I’m semi-serious about gardening here in western Oregon – and I’d be totally serious if my body allowed me to be! I’m totally enthused, and totally motivated, but some gardening tasks, like when I use the tiller, forces me to take two or three days off for healing purposes – this cuts into one’s enthusiasm.
I’m sure most of the world thinks gardening in Oregon is about as good as it gets – I’m not among ’em. I think the pioneers thought Oregon was so great because they just couldn’t go any further west, and because they’d just come through hell to get here! Why wouldn’t they think this was heaven?
What’s wrong with gardening in Oregon? Well, for starters, I’ve had my tomatoes in the ground for almost a month, and they are still almost as small as when they went in – why? – Because we’ve had many nights in the mid forties, and not much sun each day either. Might be better if we had had some good rains during the last month, but nope, just drizzle and clouds, with frequent cold winds. But July is almost upon us, and when it comes, so does the constant sun – the rains stop completely, and my clay garden soil bakes into concrete (unless, that is, I pour on thousands of gallons of water.). And then the race is on – will we get any ripe tomatoes- or any other heat loving crop -before the rains and frost return? Maybe–Maybe not. Often you hear local gardeners expressing the dilemma in simple terms – a good year is a tomato year, a bad year is a cabbage year – you get the idea.
But there is one thing right now that is cheering me up – after sitting half finished for about two years, my Rube Goldberg greenhouse is finished – it’s a beauty, isn’t it?
Well, these homemade babies aren’t supposed to be beautiful, they’re supposed to be practical. Mine will accomplish three major things which I haven’t had to date – I’ll be able to grow some things which simply won’t grow outdoors in the mild (relatively!) Oregon winters – things like lettuce, some greens, and other frost tolerant plants, these plants don’t die during an Oregon winter due to cold, but rather, they drown! So, they will do fine in my ugly greenhouse – they’ll love it.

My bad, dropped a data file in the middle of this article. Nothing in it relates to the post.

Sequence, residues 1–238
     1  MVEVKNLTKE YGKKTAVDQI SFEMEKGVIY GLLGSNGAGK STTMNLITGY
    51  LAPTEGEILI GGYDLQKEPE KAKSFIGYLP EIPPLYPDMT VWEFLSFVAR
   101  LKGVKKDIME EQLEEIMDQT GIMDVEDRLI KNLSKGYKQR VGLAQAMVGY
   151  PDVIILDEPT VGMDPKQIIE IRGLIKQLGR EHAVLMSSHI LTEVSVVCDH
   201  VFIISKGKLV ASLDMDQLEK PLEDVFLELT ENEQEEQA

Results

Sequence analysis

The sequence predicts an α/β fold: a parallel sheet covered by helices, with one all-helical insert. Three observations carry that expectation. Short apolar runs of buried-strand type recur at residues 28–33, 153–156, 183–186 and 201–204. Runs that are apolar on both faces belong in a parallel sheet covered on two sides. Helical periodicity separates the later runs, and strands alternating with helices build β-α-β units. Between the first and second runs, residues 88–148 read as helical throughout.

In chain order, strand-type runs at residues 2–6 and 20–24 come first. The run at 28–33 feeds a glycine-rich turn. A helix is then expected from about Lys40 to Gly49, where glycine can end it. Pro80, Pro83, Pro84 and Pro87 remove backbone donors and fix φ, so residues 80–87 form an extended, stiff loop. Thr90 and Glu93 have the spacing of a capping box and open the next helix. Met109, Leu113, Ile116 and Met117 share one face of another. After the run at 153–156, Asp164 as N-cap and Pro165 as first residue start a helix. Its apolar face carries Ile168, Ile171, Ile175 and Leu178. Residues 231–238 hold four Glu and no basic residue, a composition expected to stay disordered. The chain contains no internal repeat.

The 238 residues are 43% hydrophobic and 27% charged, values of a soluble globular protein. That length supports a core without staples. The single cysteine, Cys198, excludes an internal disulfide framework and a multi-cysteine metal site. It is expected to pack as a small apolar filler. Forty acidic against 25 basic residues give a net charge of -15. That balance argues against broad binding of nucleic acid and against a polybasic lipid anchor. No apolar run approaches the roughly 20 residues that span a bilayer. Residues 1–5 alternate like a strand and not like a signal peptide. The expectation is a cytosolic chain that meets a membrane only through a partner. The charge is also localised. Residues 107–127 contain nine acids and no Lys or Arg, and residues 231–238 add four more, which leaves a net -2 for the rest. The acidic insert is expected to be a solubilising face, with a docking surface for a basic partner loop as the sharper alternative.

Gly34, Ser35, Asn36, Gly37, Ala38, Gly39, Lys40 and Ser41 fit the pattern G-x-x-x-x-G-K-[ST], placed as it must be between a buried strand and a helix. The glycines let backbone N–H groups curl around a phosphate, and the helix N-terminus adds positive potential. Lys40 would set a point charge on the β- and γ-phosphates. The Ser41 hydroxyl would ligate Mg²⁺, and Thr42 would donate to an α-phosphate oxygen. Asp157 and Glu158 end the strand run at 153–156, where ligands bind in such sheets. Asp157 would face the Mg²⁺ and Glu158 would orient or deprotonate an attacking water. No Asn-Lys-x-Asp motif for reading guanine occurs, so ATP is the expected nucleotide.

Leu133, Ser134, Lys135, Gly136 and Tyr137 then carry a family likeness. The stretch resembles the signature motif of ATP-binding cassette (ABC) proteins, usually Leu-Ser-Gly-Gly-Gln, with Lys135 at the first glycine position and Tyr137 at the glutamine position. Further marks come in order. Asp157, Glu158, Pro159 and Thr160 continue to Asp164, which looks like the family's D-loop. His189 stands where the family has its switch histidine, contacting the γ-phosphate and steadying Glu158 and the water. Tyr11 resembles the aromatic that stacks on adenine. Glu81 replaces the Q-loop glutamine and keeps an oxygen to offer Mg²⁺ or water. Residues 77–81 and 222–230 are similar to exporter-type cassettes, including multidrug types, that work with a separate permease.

The greenhouse will also provide a safe depository for some of my “marginally hardy” potted plants, which I’ve been dragging inside for the past several years – and there’s really no room for them in the house – but the greenhouse will give them enough protection to avoid suffering frostbite, and at the same time, give them a maximum amount of sun (maybe “light” is a better term).
But perhaps most of all, I want a greenhouse so I can start my garden transplants in February and March, when they deserve to be growing – Yes, I’ve tried to grow these indoors for as many years as we’ve been living here! For any number of reasons, it just doesn’t work – but in a greenhouse, with all its natural light, they’ll perform well – and then I’ll get them up and ready on their ideal schedule. It irks me to no end when I have to go to town and first, look over their god-awful selection of starts, and then -biggest hurt of all- pay some ridiculous price for something less than ideal anyway. It annoys me just telling you about it!
But my new baby will solve those problems, and bring me great fun in the process – Oh, I’m not completely ignorant of the fact that along with all that fun, the new greenhouse will also bring new problems – Yeah, I know this, but mentally, I’m ready for them – I think.
We’ll see – now, the sun is out, the weeds are growing, and there’s a ton of maintenance to be done out in the garden – I’ll see y’all later.